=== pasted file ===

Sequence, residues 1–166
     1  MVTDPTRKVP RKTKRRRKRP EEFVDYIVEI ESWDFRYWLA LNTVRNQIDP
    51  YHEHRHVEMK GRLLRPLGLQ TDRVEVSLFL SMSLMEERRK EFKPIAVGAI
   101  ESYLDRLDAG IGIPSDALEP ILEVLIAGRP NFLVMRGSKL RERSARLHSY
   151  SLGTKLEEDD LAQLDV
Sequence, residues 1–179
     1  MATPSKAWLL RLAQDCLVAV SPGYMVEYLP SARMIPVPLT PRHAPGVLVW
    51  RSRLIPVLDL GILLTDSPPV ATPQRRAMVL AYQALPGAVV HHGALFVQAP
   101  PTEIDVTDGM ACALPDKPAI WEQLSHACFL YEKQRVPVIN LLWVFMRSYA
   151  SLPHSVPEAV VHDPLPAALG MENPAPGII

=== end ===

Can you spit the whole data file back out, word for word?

Sequence, residues 1–166
     1  MVTDPTRKVP RKTKRRRKRP EEFVDYIVEI ESWDFRYWLA LNTVRNQIDP
    51  YHEHRHVEMK GRLLRPLGLQ TDRVEVSLFL SMSLMEERRK EFKPIAVGAI
   101  ESYLDRLDAG IGIPSDALEP ILEVLIAGRP NFLVMRGSKL RERSARLHSY
   151  SLGTKLEEDD LAQLDV
Sequence, residues 1–179
     1  MATPSKAWLL RLAQDCLVAV SPGYMVEYLP SARMIPVPLT PRHAPGVLVW
    51  RSRLIPVLDL GILLTDSPPV ATPQRRAMVL AYQALPGAVV HHGALFVQAP
   101  PTEIDVTDGM ACALPDKPAI WEQLSHACFL YEKQRVPVIN LLWVFMRSYA
   151  SLPHSVPEAV VHDPLPAALG MENPAPGII